In 1899 the US Congress and President McKinley created Mount Rainier national park -- the fifth national park in the country. When the National Park Service was created in 1916, it continued regulation of the 235,000 acres surrounding the active volcano. In 1988, 97% of the park was designated "wilderness" by Congress at the recommendation of the parks service. The remaining 3% has its own significance, and in 1997 was designated a National Historic Landmark District to preserve the rustic architecture found in Paradise and Longmire.

Mountaineers who wish to scale the dormant volcano start at the Paradise resort or the White River campground. Their ascent to the peak of Rainier generally takes two days. About 10,000 people attempt the peak each year, but only half succeed.

Visitors who prefer to remain at lower elevations can instead enjoy old growth forests of western hemlock and Douglas-fir, which shade over 91 acres; subalpine meadows whose volcanic soil supports a yearly bloom of wildflowers; glacier-fed rivers and waterfalls; and, on the Carbon River Rain Forest Nature Trail, a rare inland rainforest. As for fauna: mammal-watchers have the opportunity to spot 54 species of mammal, including black-tailed deer, coyotes, red foxes, elk, and several varieties of squirrel; bird-watchers can revel in 126 species of bird including the flicker, a variety of woodpecker.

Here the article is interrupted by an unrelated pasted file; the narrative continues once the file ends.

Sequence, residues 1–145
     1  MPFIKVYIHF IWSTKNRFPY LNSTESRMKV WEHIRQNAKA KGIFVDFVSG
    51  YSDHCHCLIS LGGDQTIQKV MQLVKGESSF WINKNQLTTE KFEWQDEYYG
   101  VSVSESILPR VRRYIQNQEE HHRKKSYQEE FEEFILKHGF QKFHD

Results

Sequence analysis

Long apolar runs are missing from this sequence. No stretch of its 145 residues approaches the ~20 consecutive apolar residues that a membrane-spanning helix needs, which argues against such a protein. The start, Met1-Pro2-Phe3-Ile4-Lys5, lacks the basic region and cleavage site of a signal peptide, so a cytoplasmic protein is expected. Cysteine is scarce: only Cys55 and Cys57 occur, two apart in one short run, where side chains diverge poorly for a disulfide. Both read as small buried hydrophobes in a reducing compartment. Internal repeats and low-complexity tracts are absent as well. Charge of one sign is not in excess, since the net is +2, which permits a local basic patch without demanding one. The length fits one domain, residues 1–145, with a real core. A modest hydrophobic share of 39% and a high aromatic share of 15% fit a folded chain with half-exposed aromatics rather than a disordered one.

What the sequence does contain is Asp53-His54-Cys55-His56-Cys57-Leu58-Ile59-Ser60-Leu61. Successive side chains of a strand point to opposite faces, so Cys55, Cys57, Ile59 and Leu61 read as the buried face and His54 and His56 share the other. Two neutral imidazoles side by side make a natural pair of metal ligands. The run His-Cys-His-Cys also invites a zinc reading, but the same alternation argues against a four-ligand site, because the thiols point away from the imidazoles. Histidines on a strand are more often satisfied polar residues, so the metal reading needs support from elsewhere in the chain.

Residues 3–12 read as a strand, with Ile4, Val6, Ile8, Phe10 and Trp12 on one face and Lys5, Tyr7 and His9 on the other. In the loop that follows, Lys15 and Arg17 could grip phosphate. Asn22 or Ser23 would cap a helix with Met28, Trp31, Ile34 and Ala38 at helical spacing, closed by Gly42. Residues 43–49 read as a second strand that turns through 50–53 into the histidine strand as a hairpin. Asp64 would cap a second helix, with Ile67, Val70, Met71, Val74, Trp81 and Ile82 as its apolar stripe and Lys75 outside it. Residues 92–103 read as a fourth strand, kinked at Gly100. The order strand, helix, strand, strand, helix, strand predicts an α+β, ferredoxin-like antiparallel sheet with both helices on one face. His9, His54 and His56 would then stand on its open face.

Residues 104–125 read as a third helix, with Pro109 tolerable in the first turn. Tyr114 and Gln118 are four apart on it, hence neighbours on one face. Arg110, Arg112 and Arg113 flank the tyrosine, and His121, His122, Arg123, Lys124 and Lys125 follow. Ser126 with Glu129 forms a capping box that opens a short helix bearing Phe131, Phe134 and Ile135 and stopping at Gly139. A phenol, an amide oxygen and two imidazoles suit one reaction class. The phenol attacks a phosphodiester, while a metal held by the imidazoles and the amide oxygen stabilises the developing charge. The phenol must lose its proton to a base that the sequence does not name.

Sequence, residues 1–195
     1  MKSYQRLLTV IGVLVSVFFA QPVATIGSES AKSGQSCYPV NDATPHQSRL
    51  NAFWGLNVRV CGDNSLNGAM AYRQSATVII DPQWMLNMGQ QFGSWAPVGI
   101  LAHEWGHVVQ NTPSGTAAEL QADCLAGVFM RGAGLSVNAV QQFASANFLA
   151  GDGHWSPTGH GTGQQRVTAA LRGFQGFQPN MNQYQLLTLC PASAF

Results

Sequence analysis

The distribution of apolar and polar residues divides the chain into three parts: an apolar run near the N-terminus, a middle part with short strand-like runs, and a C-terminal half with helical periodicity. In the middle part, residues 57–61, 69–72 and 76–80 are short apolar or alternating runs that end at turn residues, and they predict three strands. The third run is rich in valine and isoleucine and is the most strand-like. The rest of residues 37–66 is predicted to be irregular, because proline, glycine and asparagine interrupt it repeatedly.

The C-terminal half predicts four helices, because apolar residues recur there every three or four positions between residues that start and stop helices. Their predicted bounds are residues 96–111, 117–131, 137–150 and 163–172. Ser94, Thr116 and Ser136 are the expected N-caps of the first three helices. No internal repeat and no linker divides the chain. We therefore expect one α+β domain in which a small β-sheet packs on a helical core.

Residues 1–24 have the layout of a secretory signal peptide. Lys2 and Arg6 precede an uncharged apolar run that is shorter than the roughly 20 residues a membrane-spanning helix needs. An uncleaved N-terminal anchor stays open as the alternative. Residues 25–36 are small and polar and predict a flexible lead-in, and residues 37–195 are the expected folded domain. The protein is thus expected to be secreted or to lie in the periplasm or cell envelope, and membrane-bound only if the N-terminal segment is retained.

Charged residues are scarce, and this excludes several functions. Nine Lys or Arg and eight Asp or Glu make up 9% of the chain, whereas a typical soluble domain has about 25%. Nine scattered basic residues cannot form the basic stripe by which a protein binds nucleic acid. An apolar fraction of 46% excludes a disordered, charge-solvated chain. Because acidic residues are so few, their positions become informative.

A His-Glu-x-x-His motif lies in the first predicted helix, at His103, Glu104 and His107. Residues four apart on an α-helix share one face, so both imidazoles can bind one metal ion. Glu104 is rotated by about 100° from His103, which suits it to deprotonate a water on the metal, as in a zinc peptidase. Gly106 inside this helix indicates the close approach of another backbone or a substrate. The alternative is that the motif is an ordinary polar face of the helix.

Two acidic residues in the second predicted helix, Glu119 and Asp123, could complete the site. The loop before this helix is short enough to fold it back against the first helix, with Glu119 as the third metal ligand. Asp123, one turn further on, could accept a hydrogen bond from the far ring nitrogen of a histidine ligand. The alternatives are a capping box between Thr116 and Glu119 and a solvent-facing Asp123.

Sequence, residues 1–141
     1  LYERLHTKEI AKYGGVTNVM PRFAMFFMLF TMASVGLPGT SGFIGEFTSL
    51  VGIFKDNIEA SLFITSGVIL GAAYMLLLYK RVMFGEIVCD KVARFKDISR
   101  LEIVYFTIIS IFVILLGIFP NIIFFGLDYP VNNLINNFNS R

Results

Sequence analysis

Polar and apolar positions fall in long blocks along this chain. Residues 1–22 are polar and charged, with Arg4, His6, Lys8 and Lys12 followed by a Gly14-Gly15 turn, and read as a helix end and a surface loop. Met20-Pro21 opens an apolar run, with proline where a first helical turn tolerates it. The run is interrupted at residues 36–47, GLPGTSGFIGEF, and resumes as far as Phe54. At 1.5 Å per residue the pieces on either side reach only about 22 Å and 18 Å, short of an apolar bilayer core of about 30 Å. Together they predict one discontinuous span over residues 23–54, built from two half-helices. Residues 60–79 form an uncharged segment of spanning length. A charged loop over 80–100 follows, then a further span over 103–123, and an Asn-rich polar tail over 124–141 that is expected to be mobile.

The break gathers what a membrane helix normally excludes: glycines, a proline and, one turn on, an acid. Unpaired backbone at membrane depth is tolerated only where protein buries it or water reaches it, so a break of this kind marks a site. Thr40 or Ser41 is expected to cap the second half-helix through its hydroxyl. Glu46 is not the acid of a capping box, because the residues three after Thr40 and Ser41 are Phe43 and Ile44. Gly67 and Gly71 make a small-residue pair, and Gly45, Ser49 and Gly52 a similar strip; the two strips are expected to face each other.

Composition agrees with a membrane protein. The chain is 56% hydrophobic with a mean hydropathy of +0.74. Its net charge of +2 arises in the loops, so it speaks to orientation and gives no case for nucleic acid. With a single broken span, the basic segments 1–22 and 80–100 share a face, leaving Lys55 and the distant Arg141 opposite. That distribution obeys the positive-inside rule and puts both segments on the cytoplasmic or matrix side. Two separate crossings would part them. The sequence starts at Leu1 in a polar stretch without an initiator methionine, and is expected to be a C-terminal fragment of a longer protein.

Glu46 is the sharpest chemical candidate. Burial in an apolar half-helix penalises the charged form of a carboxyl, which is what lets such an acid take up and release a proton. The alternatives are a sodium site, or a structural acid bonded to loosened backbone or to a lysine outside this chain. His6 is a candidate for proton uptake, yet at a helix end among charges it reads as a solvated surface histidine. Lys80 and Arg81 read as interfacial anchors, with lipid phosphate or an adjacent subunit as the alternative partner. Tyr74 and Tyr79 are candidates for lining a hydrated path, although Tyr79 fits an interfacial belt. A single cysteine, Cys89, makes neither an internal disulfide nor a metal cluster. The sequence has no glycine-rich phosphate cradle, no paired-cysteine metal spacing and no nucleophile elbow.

Weather often sets the park apart from the area surrounding it. The mountain at its heart stops the eastward movement of moist Pacific air, leaving the peak wreathed in its own miniature weather system.

-- U.S. National Parks and Monuments --